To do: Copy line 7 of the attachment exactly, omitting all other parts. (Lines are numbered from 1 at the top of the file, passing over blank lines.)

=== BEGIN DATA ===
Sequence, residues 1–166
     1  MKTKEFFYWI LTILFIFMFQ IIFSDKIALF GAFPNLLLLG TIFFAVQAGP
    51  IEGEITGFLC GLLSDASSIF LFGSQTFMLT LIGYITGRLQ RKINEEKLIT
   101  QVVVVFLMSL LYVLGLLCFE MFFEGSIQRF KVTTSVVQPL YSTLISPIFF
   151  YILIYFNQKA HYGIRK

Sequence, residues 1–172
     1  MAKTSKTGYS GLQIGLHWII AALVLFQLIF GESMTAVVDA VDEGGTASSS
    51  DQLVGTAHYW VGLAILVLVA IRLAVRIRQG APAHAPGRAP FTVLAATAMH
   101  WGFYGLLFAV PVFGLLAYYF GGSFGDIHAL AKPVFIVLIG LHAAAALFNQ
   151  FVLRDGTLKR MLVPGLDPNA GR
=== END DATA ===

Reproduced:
     1  MAKTSKTGYS GLQIGLHWII AALVLFQLIF GESMTAVVDA VDEGGTASSS